Have you ever felt the urge to declutter your work life?
Do you often find yourself stretched too thin?
Do you simultaneously feel overworked and underutilized?
Are you frequently busy but not productive? Read more...
- Publisher: Penguin Random House Audio Publishing Gr
- Date: Apr 2014
From the cover
The wisdom of life consists in the elimination of non-essentials.
Sam Elliot1 is a capable executive in Silicon Valley who found himself stretched too thin after his company was acquired by a larger, bureaucratic business.
1 Name has been changed.
He was in earnest about being a good citizen in his new role so he said yes to many requests without really thinking about it. But as a result he would spend the whole day rushing from one meeting and conference call to another trying to please everyone and get it all done. His stress went up as the quality of his work went down. It was like he was majoring in minor activities and as a result, his work became unsatisfying for him and frustrating for the people he was trying so hard to please.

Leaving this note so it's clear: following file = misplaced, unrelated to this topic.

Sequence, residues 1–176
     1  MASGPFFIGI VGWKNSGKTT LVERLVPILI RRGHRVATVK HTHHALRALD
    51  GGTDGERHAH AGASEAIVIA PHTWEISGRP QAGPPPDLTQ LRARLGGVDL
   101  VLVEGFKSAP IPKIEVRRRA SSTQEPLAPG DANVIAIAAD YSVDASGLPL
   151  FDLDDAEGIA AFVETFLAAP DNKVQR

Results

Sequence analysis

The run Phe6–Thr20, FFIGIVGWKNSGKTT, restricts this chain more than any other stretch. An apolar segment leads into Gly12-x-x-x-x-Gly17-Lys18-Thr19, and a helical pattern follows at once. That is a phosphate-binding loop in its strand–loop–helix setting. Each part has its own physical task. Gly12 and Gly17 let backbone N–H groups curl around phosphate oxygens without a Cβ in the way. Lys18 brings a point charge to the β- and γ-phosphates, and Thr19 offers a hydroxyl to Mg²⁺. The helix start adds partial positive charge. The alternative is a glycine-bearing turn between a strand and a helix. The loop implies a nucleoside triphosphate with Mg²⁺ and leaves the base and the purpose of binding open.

In the midst of his frustration the company came to him and offered him an early retirement package. But he was in his early 50s and had no interest in completely retiring. He thought briefly about starting a consulting company doing what he was already doing. He even thought of selling his services back to his employer as a consultant. But none of these options seemed that appealing. So he went to speak with a mentor who gave him surprising advice: "Stay, but do what you would as a consultant and nothing else. And don't tell anyone." In other words, his mentor was advising him to do only those things that he deemed essential—and ignore everything else that was asked of him.
The executive followed the advice! He made a daily commitment towards cutting out the red tape. He began saying no.
He was tentative at first. He would evaluate requests based on the timid criteria, "Can I actually fulfill this request, given the time and resources I have?" If the answer was no then he would refuse the request. He was pleasantly surprised to find that while people would at first look a little disappointed, they seemed to respect his honesty.
Encouraged by his small wins he pushed back a bit more. Now when a request would come in he would pause and evaluate the request against a tougher criteria: "Is this the very most important thing I should be doing with my time and resources right now?"